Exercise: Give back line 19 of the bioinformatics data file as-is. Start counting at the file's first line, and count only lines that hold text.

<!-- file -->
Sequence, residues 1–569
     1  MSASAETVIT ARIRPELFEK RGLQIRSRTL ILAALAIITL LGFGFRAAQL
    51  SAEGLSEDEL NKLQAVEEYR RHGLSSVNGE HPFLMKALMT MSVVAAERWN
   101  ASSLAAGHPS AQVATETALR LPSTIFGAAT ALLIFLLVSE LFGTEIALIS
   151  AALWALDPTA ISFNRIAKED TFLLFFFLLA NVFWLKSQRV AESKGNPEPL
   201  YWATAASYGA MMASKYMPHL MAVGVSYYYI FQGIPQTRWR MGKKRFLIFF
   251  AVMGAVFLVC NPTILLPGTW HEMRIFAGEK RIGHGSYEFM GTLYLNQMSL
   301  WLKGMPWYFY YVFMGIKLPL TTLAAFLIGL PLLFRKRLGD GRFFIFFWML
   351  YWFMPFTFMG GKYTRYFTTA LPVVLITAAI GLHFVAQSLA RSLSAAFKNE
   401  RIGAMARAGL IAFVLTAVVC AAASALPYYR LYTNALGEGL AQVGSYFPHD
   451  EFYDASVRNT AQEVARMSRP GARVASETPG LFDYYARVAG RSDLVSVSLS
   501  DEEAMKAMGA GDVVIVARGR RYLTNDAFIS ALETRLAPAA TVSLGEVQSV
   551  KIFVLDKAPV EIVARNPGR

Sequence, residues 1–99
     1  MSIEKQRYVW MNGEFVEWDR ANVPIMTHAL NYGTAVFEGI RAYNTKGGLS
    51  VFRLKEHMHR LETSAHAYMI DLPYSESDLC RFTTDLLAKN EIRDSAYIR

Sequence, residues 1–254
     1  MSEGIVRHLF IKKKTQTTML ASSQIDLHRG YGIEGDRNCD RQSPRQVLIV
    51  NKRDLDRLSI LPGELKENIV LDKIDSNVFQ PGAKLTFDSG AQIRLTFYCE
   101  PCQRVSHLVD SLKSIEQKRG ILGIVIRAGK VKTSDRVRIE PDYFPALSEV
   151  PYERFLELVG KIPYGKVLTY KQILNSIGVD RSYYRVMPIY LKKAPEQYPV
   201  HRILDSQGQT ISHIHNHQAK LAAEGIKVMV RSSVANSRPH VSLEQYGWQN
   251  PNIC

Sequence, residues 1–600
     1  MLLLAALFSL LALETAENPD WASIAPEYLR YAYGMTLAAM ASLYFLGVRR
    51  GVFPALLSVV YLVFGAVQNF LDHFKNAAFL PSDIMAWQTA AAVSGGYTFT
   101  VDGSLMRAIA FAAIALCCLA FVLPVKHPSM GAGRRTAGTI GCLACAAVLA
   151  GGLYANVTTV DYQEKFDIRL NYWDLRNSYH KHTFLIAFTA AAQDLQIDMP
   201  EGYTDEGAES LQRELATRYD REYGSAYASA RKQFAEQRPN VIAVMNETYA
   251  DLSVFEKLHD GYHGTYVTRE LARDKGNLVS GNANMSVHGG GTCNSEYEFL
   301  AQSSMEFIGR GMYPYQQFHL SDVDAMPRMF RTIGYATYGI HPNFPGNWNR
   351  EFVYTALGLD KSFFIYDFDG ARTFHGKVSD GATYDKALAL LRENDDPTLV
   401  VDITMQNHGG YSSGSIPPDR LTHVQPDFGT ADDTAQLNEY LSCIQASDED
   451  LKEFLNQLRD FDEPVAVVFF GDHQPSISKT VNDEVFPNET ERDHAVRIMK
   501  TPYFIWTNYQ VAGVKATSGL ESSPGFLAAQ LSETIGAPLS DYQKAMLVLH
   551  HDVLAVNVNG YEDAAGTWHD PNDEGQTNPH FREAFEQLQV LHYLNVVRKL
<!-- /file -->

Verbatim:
    51  NKRDLDRLSI LPGELKENIV LDKIDSNVFQ PGAKLTFDSG AQIRLTFYCE